4

I'm currently confused on the exact timing of IMMEDIATE constraint checks. Hopefully, the following example captures my confusion:

create table a (
  id int primary key
);

create table b (
  id int primary key,
  a_id int not null references a
);

/* violates foreign key constraint "b_a_id_fkey" */
with t1 as (insert into b values (100, 200) returning id, a_id)
  select * from t1;

/* ERROR: expensive_exception_thrower */
with t1 as (insert into b values (100, 200) returning id, a_id)
  select * from t1 where expensive_exception_thrower(t1.a_id) = true;

In the second query, despite referencing t1, expensive_exception_thrower will throw its exception first, which result in the fkey exception being swallowed. Of course, there are workarounds, but I'd like to understand the exact definition of "statement" when the Postgres manual says IMMEDIATE constraints are checked immediately after each statement. The manual uses the term "statement" in a way that would indicate that the with clause is a statement, or at least "sub-statement."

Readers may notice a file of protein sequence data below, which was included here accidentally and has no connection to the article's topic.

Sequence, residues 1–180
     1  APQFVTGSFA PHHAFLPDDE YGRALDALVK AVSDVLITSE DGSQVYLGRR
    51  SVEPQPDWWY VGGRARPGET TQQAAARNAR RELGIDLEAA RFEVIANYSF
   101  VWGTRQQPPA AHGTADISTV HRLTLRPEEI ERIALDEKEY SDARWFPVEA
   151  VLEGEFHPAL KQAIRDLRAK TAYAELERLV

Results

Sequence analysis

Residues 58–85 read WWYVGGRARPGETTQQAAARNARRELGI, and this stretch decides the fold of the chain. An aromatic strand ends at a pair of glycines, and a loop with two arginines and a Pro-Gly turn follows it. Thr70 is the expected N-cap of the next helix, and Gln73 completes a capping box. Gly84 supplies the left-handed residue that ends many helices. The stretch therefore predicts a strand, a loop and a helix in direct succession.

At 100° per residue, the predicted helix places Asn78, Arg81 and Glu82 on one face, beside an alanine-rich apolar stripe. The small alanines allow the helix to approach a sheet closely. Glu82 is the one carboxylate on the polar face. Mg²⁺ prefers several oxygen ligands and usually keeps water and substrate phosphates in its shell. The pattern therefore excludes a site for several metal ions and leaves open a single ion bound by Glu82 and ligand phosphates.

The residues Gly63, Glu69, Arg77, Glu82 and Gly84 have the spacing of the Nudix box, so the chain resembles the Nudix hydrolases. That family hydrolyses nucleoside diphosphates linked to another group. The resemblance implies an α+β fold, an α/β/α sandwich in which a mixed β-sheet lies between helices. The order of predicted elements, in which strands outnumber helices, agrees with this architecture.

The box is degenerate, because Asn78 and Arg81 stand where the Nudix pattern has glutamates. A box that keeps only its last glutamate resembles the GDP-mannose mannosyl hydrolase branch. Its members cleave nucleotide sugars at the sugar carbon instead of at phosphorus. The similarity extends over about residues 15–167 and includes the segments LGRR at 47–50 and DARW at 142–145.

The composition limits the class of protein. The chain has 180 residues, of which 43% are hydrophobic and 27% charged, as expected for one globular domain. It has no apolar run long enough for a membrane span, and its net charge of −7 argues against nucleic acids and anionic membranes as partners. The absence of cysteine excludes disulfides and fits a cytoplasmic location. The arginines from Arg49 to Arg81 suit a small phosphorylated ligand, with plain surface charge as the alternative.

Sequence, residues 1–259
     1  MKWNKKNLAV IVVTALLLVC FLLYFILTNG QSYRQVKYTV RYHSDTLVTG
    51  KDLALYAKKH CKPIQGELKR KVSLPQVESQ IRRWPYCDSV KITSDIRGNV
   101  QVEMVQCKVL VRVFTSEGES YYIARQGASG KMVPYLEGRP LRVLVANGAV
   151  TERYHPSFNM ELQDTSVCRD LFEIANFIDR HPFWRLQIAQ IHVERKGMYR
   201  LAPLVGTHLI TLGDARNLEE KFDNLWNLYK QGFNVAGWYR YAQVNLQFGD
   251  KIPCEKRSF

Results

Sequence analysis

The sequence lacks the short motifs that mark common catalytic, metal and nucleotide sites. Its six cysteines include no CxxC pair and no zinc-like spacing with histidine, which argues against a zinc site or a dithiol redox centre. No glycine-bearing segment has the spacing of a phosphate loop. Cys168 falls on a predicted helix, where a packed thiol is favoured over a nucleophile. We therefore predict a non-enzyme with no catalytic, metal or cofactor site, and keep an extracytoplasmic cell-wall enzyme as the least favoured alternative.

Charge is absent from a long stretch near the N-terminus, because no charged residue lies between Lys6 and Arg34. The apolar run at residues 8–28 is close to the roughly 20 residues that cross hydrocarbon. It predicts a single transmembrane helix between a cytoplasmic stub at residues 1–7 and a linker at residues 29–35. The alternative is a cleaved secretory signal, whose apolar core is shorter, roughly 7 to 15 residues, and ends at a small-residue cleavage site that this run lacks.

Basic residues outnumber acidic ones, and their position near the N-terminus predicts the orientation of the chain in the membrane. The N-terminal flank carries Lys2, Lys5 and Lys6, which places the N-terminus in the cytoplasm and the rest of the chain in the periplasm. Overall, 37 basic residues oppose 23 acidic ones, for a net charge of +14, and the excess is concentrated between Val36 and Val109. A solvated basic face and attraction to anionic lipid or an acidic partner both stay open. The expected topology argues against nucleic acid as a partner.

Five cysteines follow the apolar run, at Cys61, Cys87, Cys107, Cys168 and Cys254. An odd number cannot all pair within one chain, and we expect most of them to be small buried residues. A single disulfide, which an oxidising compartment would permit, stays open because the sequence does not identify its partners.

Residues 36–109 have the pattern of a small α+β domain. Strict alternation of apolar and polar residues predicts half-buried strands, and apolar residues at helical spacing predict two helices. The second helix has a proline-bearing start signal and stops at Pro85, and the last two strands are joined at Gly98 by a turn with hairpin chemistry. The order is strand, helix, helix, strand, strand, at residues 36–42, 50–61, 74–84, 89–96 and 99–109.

This is PG version 14.3.

2
  • 2
    No, statement is the whole, well, statement. What is between two statement terminators ;. `A CTE is not a statement. Foreign key constraints that are IMMEDIATE are checked after each statement. The difference with DEFERRED constraints is that those are checked at the end of the transaction. Jul 12, 2022 at 23:40
  • You can try a statement with two CTEs where the first inserts into b and the 2nd CTE inserts into a. There is no FK violation: dbfiddle.uk/… Jul 12, 2022 at 23:53

1 Answer 1

11

As mentioned in a comment, a statement is everything between the previous statement terminator (usually a semicolon) and the next one, so this is one statement:

with t1 as (insert into b values (100, 200) returning id, a_id)
  select * from t1 where expensive_exception_thrower(t1.a_id) = true;

and the processing goes like this:

  1. Insert stuff. Bail out if a primary key, unique, or check constraint is violated.
  2. Scan the returning result set.
  3. For each row execute a function. Bail out if it throws exception.
  4. Reach the end of the result set.
  5. Bail out if an immediate referential integrity constraint is violated.
  6. Go on until the end of transaction.
  7. Bail out if a deferred referential integrity constraint is violated.
  8. Commit.

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